Geoengineering: The risks of desperation
Humans tend to be more interventionist than preventionist.
Last week the IPCC, the Intergovernmental Panel on Climate Change, released its latest report. In sober tones, the panel said it is unlikely we will keep the world from warming beyond 1.5°C (the world has already warmed by 1.1°C).
In most things, humans tend to be more interventionist than preventionist, and I imagine that as the world continues to warm, we’ll begin to seek drastic interventionist measures. These include solar geoengineering, the risky technique of spraying sulfur dioxide and other microparticles into the stratosphere to reflect the sun’s rays and cool the planet. Mexico has already banned this type of experiment after an entrepreneur sold “cooling credits” for balloon flights that released reflective sulfur particles over the nation without seeking scientific or government approval.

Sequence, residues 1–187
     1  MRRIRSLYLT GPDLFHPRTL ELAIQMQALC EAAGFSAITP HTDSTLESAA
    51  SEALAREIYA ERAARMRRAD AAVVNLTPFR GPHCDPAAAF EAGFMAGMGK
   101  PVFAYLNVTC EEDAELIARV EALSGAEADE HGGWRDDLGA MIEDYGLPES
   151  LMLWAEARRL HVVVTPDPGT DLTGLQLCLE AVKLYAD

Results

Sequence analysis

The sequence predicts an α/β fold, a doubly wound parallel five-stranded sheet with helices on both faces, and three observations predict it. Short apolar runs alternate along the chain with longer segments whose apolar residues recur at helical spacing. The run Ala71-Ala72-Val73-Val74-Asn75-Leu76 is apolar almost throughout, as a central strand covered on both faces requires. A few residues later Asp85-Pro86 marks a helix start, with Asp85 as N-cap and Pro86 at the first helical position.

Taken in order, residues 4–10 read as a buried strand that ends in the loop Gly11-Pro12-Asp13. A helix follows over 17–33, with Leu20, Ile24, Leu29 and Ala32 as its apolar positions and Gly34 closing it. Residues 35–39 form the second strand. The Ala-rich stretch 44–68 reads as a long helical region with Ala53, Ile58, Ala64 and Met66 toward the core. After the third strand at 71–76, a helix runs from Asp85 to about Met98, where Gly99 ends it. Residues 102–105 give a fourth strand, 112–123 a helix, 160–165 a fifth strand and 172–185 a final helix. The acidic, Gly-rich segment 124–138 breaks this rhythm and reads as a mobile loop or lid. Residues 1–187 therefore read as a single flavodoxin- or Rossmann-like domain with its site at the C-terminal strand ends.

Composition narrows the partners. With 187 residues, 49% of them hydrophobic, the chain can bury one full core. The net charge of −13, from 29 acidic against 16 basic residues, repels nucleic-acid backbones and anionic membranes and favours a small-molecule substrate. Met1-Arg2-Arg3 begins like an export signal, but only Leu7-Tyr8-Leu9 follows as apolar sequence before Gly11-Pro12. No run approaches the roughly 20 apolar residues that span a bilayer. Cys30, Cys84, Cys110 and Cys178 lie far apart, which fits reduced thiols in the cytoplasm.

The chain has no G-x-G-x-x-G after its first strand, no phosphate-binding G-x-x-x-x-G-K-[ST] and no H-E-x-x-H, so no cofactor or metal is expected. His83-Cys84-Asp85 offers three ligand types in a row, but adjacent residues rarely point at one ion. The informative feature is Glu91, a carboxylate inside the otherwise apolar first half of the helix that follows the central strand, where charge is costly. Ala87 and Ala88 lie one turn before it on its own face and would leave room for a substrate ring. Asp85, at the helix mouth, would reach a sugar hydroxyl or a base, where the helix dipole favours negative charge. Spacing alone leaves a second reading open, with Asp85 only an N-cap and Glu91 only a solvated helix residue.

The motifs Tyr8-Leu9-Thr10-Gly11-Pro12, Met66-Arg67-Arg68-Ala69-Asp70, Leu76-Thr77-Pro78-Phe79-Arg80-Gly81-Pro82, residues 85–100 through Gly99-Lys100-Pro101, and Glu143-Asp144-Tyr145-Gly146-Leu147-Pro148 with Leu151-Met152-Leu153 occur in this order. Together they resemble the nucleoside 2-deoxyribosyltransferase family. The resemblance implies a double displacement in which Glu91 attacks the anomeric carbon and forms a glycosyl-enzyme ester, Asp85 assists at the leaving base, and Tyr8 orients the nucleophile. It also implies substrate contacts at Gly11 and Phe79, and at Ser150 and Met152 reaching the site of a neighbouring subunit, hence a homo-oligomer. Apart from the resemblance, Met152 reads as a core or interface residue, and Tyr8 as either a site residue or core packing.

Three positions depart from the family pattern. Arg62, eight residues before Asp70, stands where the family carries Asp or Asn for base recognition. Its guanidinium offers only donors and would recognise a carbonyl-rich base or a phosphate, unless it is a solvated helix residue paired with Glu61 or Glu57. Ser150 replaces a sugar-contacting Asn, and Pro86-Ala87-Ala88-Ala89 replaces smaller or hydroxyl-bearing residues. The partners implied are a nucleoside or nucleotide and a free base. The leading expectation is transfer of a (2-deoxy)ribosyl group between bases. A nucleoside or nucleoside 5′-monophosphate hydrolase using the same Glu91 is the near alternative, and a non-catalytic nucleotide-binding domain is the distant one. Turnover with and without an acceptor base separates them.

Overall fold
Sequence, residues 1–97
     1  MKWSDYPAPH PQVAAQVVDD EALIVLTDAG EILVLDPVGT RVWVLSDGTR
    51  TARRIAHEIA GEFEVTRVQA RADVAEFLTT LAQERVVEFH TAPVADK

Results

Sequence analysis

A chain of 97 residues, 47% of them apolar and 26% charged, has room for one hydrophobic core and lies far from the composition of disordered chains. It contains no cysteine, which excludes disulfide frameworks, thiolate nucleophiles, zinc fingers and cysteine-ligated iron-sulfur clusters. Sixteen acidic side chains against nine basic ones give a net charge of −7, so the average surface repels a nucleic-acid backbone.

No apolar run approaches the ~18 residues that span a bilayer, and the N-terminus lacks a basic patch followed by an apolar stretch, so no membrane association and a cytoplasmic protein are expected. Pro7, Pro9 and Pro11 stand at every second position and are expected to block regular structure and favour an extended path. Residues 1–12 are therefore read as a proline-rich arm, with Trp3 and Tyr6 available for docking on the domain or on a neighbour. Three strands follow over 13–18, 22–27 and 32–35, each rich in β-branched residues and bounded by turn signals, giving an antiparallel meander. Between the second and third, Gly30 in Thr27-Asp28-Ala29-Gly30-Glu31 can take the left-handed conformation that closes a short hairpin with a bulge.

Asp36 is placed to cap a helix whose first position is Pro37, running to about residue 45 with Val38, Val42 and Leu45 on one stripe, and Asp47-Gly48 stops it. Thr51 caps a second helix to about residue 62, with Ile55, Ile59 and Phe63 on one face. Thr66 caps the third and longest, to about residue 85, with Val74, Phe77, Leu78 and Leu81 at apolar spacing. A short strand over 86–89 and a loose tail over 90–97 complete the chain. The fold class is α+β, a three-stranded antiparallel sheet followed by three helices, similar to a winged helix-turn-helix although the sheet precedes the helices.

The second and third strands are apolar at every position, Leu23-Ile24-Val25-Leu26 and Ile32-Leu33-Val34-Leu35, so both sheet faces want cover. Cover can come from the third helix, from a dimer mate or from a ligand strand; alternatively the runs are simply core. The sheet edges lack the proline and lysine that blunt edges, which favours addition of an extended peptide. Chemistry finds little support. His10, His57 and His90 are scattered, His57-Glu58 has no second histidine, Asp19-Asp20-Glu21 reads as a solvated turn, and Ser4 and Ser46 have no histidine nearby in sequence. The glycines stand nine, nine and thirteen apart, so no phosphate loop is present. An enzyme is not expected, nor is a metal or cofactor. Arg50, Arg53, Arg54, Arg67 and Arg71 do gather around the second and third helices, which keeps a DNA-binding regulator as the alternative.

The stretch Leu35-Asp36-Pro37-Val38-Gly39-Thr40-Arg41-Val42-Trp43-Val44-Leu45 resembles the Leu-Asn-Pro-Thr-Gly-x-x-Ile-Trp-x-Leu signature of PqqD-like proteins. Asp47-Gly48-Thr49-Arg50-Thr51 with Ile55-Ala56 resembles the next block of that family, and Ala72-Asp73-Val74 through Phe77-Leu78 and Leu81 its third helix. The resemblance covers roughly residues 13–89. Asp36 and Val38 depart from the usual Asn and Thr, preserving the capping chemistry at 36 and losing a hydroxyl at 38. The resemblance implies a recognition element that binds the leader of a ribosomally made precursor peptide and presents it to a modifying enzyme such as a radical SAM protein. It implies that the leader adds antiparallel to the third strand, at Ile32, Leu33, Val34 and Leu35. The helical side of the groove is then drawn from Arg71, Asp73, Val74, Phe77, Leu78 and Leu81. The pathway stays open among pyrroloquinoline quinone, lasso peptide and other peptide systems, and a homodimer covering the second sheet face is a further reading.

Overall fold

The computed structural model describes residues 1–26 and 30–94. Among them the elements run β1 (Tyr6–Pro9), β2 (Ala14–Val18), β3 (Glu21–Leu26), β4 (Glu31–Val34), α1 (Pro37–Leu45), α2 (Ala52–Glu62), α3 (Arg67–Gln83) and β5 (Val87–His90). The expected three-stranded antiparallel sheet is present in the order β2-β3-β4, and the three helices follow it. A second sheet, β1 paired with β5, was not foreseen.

As we enter a stage of greater desperation for last-ditch interventions, we need more research into the full implications of Hail Mary solutions. Fortunately, the U.S. National Oceanic and Atmospheric Administration (NOAA) is beginning to conduct formal research to better understand the potential risks.
To go deeper: